Piggyback Bomber

One of the most unusual weapons in the Luftwaffe’s World War Two armoury was the Mistel composite bomber. Chris Goss tells its remarkable story


Horst Rudat, probably the most experienced Mistel pilot.
The first Mistel combination. The trapeze structure required considerable strengthening for the operational versions.

Piggyback inspiration

A pair of Miles Falcons escorting the Short-Mayo Composite during the first flight in piggyback guise, January 20, 1938.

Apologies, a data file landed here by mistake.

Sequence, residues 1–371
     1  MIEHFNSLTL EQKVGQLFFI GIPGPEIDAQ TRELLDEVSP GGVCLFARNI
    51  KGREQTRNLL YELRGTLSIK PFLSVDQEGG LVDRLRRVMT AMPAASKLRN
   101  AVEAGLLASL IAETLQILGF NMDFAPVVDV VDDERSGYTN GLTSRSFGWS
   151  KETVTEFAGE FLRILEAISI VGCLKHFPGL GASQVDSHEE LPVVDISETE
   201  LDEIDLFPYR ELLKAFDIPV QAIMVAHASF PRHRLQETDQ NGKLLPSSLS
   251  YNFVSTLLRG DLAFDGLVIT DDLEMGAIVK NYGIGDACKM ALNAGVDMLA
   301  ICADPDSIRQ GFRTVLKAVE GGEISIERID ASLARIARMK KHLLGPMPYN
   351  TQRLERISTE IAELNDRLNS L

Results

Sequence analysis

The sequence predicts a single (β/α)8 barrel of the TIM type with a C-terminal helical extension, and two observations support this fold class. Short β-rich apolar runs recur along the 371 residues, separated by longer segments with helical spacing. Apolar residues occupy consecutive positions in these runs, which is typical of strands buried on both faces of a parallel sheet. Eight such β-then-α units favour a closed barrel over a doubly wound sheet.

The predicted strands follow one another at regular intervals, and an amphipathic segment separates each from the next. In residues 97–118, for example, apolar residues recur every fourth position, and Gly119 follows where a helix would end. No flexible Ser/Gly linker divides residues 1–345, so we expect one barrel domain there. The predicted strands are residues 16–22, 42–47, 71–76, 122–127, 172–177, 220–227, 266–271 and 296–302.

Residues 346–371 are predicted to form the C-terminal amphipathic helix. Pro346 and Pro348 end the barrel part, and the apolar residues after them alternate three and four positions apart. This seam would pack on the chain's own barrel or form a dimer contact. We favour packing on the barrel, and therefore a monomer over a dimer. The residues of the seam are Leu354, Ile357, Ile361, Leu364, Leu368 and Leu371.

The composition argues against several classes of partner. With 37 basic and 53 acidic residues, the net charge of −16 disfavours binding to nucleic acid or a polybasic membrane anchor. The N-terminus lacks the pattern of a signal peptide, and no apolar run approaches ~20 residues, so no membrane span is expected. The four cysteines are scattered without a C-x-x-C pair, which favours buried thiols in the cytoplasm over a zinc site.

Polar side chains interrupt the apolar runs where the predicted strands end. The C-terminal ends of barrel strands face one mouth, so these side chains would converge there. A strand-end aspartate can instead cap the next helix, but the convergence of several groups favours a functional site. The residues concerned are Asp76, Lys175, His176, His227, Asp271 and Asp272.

One of the most striking examples of a piggyback aircraft, and possibly the inspiration for the Mistel, was the British Short-Mayo Composite. The brainchild of Major Robert Mayo, technical manager of Imperial Airways, it was designed to extend the range of service, providing non-stop transatlantic mail services.

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